25 Jul Core Stability and Back Pain
In the UK alone, 85% of the population will experience some form of back pain during their lives. Modern technology has us slumped in our chairs for many hours on end, causing our core muscles to become weak and our posture to deteriorate. This increases a person’s risk of developing back pain.
What are your core muscles?
Our core muscles are those that support our spine and provide stability. There are three very important core muscles – transverse abdominis, the multifidus and gluteus medius. These are all deep muscles within our torso and essential for maintaining a good level of core stability.
Every time you bend to pick up something heavy or twist to reach the phone, your body needs a secure fixed point to carry out the movement. In most cases, this comes from the ‘corset’ of muscles around your spine. If your core muscles are conditioned, your spine is much more stable during movement, which can decrease your risk of back pain. For those of you who are very active and participate in sport, you are much less likely to injure yourself if you have a strong core and good posture.
What can I do to improve my core stability?
Workouts using an array of equipment, including gym balls, medicine balls and wobble boards, can help you on your way to achieving better core stability. It is very important to perform core exercises with good technique in order to activate the correct core muscles and reduce the risk of injury. Below is an exercise to help you to brace your core muscles. Abdominal bracing (see exercise below) should then be incorporated into everyday activities, sport or a training programme at the gym. If you are unsure about core exercises, a rehab consultant will be able to help you. Alternatively, our Pilates classes will help with improving your core stability.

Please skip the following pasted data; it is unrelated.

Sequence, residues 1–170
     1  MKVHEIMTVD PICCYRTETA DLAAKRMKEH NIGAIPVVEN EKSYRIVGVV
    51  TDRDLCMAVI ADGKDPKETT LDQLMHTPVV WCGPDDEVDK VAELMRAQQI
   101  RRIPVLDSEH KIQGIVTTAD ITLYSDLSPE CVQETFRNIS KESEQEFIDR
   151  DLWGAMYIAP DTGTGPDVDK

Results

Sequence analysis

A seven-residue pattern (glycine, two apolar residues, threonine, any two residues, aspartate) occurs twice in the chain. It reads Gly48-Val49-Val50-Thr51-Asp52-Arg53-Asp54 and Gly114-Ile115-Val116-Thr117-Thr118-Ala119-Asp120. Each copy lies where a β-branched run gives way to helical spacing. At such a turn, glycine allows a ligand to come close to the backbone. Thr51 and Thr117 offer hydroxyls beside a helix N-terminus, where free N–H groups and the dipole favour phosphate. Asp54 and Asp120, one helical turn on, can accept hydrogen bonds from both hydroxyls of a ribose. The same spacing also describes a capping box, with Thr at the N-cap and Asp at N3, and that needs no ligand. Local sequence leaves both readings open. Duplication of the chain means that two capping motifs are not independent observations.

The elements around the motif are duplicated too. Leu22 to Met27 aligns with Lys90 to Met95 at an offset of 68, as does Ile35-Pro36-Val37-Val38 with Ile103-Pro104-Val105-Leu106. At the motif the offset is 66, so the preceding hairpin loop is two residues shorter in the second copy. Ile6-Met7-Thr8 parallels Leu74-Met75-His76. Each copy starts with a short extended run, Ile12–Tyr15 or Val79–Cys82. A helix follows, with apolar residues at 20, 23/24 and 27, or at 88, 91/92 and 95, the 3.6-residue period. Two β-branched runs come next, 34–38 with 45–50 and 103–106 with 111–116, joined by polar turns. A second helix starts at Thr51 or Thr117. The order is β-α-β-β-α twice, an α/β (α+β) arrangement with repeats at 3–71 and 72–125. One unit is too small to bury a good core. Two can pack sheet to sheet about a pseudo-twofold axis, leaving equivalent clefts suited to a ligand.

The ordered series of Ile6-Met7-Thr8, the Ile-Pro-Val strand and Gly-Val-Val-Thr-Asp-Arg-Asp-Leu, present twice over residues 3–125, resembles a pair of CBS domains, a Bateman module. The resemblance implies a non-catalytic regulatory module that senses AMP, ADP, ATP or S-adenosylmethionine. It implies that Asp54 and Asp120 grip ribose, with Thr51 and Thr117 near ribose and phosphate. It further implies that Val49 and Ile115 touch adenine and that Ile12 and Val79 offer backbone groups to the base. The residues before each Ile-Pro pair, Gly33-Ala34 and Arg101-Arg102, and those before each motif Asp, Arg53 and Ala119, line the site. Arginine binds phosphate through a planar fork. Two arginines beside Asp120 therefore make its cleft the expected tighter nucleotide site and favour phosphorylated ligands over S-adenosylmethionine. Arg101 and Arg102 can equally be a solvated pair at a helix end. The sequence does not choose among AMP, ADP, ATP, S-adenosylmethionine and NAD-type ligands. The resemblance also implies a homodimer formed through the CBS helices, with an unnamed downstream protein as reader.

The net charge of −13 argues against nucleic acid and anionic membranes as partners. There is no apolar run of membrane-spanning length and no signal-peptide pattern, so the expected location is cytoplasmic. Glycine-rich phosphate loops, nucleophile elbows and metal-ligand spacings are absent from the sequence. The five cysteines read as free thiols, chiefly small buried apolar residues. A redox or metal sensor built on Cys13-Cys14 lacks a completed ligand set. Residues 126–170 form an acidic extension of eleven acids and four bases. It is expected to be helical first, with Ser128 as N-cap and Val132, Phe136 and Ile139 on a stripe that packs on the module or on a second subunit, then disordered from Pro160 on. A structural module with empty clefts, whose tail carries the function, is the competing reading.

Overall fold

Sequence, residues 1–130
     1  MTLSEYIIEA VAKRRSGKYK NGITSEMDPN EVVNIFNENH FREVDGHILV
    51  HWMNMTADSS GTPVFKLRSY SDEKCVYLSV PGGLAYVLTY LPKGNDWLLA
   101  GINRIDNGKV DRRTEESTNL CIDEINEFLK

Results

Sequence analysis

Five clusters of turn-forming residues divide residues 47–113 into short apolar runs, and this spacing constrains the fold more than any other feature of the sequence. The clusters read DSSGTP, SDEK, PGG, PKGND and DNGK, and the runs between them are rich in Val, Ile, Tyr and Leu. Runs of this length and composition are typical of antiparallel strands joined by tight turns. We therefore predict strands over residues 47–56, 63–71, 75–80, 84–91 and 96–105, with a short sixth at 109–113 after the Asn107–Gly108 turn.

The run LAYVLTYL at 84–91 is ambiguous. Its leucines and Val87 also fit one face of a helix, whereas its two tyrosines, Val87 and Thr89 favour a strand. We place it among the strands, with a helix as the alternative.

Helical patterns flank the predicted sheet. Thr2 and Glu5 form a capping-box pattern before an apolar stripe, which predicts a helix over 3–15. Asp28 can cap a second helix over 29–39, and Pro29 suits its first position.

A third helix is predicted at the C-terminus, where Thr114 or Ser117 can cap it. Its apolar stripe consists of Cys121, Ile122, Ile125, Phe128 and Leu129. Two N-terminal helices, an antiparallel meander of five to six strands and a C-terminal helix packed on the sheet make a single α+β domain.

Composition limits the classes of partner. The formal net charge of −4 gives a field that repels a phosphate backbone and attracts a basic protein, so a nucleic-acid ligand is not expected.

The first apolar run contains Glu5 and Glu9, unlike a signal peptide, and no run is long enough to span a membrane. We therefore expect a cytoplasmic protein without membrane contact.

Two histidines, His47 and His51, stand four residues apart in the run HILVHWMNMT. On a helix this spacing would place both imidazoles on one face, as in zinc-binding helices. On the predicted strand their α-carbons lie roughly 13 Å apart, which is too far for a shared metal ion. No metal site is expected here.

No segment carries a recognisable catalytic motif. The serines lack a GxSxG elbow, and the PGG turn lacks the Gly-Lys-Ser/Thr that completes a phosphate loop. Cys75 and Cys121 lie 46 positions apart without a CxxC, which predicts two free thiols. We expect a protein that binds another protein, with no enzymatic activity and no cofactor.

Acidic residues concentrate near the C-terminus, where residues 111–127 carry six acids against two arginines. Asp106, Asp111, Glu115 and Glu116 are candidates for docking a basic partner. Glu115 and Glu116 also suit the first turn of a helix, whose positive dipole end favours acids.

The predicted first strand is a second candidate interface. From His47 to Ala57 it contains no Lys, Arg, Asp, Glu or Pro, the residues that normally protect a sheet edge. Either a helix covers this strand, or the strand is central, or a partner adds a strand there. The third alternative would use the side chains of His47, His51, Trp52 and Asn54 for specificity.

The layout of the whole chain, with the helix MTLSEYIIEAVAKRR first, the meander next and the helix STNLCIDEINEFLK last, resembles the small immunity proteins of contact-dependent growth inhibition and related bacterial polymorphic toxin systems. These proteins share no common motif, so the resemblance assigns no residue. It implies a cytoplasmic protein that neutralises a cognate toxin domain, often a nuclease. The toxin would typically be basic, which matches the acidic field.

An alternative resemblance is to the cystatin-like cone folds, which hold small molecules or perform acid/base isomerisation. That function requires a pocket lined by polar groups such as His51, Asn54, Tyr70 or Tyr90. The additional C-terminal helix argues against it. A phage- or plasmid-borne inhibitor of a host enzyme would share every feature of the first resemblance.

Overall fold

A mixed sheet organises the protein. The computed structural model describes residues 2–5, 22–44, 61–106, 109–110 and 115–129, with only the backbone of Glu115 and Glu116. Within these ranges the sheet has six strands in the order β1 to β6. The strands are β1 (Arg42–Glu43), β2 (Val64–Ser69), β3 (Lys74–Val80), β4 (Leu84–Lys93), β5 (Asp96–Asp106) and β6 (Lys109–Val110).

- Lie on your back with your knees bent and your feet flat on the floor.
- Make sure your lower back is not arched or totally flat against the floor i.e. you should have a small gap between the floor and your back to ensure a neutral position.
- Now brace your stomach muscles. If you aren’t sure how to do this, try coughing – this will activate the correct muscles. As you improve at activating the correct muscles, you won’t need to keep coughing!
- Hold your abdominal brace for ten seconds whilst keeping a steady breathing pattern. Repeat this ten times.